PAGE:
1. Update php.ini (Find right ini file from phpinfo();) and increase post_max_size and upload_max_filesize to size you want:

    sed -i "s/post_max_size =.*/post_max_size = 200M/g" /etc/php5/fpm/php.ini
    sed -i "s/upload_max_filesize =.*/upload_max_filesize = 200M/g" /etc/php5/fpm/php.ini```
    
  2. Update NginX settings for your website and add client_max_body_size value in your location, http, or server context.

    location / {
        client_max_body_size 200m;
        ...
    }
    
  3. Restart NginX and PHP-FPM:

    service nginx restart
    service php5-fpm restart
    

NOTE: Sometime (In my case almost every time) you need to kill php-fpm process if it didn't refresh by service command properly. To do that you can get list of processes (ps -elf | grep php-fpm) and kill one by one (kill -9 12345) or use following command to do it for you:

ps -elf | grep php-fpm | grep -v grep | awk '{ print $4 }' | xargs kill -9
0 votes
answered Jan 16, 2014 by digitaltoast

Someone correct me if this is bad, but I like to lock everything down as much as possible, and if you've only got one target for uploads (as it usually the case), then just target your changes to that one file. This works for me on the Ubuntu nginx-extras mainline 1.7+ package:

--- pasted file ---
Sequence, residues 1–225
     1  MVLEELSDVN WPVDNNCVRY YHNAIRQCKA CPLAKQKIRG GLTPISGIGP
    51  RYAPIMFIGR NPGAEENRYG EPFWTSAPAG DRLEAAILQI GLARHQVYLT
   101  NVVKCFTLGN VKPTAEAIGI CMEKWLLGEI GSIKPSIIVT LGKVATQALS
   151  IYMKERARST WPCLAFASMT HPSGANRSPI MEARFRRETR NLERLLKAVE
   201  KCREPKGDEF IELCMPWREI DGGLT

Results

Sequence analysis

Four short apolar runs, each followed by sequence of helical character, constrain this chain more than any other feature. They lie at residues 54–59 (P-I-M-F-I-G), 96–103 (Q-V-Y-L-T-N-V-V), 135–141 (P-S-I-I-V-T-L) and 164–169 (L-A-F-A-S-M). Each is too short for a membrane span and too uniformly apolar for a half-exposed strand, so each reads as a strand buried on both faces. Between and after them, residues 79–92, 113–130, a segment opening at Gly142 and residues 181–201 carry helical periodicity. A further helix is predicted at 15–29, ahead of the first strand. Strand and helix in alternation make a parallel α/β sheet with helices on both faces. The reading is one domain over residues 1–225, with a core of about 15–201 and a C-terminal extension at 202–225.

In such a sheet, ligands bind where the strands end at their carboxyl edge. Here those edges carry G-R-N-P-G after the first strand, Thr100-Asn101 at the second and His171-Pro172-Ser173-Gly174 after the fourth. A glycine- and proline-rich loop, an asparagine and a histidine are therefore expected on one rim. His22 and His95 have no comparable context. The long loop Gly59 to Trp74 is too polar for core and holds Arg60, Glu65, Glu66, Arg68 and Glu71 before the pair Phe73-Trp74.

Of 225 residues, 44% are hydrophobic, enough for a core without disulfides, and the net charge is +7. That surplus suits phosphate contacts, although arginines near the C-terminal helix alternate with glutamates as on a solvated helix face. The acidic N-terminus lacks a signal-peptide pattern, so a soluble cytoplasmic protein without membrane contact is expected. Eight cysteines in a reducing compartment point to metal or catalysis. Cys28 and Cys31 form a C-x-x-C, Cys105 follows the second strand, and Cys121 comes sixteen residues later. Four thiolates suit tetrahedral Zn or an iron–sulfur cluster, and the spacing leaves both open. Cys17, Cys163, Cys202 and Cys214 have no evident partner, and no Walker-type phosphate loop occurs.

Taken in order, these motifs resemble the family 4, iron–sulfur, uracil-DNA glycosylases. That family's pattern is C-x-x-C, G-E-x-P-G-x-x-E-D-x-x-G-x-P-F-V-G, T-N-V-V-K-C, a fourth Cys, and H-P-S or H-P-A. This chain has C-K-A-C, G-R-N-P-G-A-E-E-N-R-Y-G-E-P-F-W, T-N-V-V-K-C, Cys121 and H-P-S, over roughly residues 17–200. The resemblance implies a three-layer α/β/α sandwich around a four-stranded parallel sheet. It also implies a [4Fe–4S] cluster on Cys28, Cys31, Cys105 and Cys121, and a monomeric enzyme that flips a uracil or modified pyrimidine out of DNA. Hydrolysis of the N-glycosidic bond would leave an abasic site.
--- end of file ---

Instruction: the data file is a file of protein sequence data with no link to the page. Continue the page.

location = /upload.php {
    client_max_body_size 102M;
    fastcgi_param PHP_VALUE "upload_max_filesize=102M \n post_max_size=102M";
    (...)
}
0 votes
answered Jan 4, 2016 by j-j

As of March 2016, I ran into this issue trying to POST json over https (from python requests, not that it matters).

The trick is to put "client_max_body_size 200M;" in at least two places http {} and server {}:

1. the http directory

  • Typically in /etc/nginx/nginx.conf

2. the server directory in your vhost.

  • For Debian/Ubuntu users who installed via apt-get (and other distro package managers which install nginx with vhosts by default), thats /etc/nginx/sites-available/mysite.com, for those who do not have vhosts, it's probably your nginx.conf or in the same directory as it.

3. the location / directory in the same place as 2.

  • You can be more specific than /, but if its not working at all, i'd recommend applying this to / and then once its working be more specific.

Remember - if you have SSL, that will require you to set the above for the SSL server and location too, wherever that may be (ideally the same as 2.). I found that if your client tries to upload on http, and you expect them to get 301'd to https, nginx will actually drop the connection before the redirect due to the file being too large for the http server, so it has to be in both.

Recent comments suggest that there is an issue with this on SSL with newer nginx versions, but i'm on 1.4.6 and everything is good :)

0 votes
answered Sep 15, 2017 by nathan-xu

If you are using windows version nginx, you can try to kill all nginx process and restart it to see. I encountered same issue In my environment, but resolved it with this solution.